Marijuana Addiction: Not So Harmless

Joyce started smoking marijuana when she was 15. It started as a pleasant escape and then turned into an obsession, something she needed just to get through the day. She found herself hiding her addiction from her family, friends, and co-workers.

“I would come home from work, close my door, have my bong, my food, my music, and my dog, and I wouldn’t see another person until I went to work the next day,” Joyce told the New York Times. “What kind of life is that? I did that for 20 years.”

Joyce tried to stop but experienced withdrawal symptoms such as anxiety, irritability, and insomnia. At one point, she took morphine that she found at her dying father’s bedside and almost overdosed.

Two years ago, Joyce checked herself into the Caron Foundation, a treatment center in Wernersville, Pennsylvania. She said that some other addicts downplayed her dependence, but that in reality, she was as sick as them. Smoking pot, she said, “was a slow form of suicide.” Now 52 and recently married, Joyce is a writer in Manhattan.

Joyce’s story, along with others’, is chronicled in an article in the New York Times called “Marijuana Is Gateway Drug for Two Debates.” The article points out that marijuana, the country’s most widely used illicit drug, is typically not thought to destroy lives and has often been romanticized by writers, musicians, and movies. Experts agree that marijuana is not as threatening to public health as cocaine, heroin, and methamphetamine, and that it cannot lead to fatal overdose on its own.

However, marijuana can be up to five times more potent than it was in the 1970s, according to the National Institute on Drug Abuse. With the growing support for legalization of marijuana, many public health officials worry that this stronger marijuana has increased addiction rates and is potentially dangerous to teenagers, whose brains are still developing. In addition, officials say the movement to legalize the drug plays down the dangers of habitual use.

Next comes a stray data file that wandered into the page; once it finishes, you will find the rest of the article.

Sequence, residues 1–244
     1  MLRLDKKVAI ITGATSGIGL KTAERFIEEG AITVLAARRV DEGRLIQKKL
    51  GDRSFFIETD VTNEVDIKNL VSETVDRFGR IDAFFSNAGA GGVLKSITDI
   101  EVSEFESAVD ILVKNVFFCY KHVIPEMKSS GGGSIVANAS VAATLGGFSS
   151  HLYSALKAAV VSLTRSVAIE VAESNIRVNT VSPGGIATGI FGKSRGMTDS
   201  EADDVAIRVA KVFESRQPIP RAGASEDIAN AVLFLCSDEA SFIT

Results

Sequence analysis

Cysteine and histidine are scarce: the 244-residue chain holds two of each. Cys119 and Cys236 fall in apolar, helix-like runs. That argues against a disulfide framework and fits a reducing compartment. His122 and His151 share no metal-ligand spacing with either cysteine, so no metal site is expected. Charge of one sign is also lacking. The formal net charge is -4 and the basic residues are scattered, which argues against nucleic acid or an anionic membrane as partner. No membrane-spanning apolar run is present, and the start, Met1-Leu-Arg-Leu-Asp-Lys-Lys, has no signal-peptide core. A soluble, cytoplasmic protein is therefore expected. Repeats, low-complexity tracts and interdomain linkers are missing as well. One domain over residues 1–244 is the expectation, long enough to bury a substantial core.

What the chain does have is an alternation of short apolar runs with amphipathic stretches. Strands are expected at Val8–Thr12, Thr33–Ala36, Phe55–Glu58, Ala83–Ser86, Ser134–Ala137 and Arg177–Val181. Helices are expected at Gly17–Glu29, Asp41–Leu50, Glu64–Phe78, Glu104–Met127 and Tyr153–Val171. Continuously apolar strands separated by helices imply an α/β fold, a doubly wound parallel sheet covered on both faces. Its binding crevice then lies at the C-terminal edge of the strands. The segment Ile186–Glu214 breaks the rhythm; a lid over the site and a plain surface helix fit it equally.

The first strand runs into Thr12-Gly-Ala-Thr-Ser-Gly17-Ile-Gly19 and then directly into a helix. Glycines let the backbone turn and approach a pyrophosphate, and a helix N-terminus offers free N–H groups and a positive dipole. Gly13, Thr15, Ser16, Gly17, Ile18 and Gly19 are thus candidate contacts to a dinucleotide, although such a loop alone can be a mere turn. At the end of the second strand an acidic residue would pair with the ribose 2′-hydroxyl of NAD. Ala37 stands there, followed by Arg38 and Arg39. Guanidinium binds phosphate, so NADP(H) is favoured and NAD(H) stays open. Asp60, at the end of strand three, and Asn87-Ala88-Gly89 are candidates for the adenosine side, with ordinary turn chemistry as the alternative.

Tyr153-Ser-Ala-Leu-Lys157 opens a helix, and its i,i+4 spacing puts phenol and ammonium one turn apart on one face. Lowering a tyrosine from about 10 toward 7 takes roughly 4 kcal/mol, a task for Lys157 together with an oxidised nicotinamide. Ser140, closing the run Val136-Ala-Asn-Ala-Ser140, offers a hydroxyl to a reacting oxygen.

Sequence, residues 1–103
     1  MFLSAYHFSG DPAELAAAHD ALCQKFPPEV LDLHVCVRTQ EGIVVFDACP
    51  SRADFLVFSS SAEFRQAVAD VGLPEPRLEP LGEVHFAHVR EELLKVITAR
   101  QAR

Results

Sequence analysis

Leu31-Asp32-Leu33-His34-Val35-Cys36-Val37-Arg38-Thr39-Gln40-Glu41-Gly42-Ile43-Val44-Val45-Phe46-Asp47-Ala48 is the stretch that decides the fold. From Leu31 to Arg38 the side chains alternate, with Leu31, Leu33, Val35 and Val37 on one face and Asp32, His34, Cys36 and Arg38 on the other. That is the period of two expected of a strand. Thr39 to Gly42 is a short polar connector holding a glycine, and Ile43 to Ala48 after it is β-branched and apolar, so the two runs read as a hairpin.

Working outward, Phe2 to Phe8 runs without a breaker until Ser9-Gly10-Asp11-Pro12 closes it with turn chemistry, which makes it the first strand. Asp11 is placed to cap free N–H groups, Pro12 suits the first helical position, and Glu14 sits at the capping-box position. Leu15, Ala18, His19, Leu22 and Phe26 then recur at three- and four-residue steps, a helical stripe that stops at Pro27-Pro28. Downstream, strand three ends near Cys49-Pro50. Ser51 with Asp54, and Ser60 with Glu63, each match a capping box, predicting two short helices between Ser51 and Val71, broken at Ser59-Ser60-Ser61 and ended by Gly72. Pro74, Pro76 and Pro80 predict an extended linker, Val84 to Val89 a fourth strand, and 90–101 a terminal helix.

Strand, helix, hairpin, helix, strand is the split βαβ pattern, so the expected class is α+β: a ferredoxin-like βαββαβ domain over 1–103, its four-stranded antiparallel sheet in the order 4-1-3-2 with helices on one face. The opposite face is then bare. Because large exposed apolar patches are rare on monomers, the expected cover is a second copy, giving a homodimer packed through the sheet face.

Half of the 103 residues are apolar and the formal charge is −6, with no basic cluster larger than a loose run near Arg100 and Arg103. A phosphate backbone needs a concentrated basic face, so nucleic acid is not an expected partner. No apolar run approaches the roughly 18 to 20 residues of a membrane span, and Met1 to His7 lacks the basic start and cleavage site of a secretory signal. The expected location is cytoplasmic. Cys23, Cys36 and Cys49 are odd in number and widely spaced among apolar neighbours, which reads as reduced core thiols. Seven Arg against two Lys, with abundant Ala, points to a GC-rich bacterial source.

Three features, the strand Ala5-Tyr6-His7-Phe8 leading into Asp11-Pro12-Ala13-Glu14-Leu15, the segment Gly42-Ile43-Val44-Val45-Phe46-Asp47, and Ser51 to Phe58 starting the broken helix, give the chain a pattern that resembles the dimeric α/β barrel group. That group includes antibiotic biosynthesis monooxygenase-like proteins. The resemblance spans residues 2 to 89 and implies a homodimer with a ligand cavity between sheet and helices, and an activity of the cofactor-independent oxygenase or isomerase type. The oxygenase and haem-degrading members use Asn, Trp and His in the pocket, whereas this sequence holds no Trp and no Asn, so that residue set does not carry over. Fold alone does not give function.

Dr. Richard N. Rosenthal, chairman of psychiatry at St. Luke’s-Roosevelt Hospital in Manhattan and professor of clinical psychiatry at Columbia University said warns that “most people who become chronic users don’t have the same lives and the same achievements as people who don’t use chronically.”

According to a 2007 reports by the Substance Abuse and Mental Health Services Administration, more adult are now being admitted to treatment centers for primary marijuana and hashish addiction than for primary addictions to cocaine, heroin, and amphetamine.

Milo is a 60-year-old man who recently attended his first Marijuana Anonymous meeting in Los Angeles. He said he started smoking marijuana when he was 13 and has struggled to quit. He is also an alcoholic, but has not had a drink since the early 1980s. He is trying to quit marijuana because his girlfriend is threatening to leave him and he says the drug no longer alleviates his depression and anxiety.

“I’m losing things and people,” Milo said. “I’m estranged from my children. I’ve lost two houses and I’m living in my R.V., basically homeless.”

Nora D. Volkow, director of the National Institute on Drug Abuse, says that the new potency of marijuana is “like drinking beer versus drinking whiskey. If you only have access to whiskey, your risk is going to be higher for addiction. Now that people have access to very high-potency marijuana, the game is different,” she said.

A 2004 study in the Journal of the American Medical Association suggested that the stronger cannabis is contributing to higher addiction rates. The study compared marijuana use in 2001 and 2002 with use ten years earlier.

Government statistics also show that the number of emergency room visits linked to the use of marijuana, which can lead to psychotic episodes, has risen significantly. “It’s going to take some real fatalities for people to pay attention” to marijuana, said Dr. Volkow. “Unfortunately, that’s the way it goes.”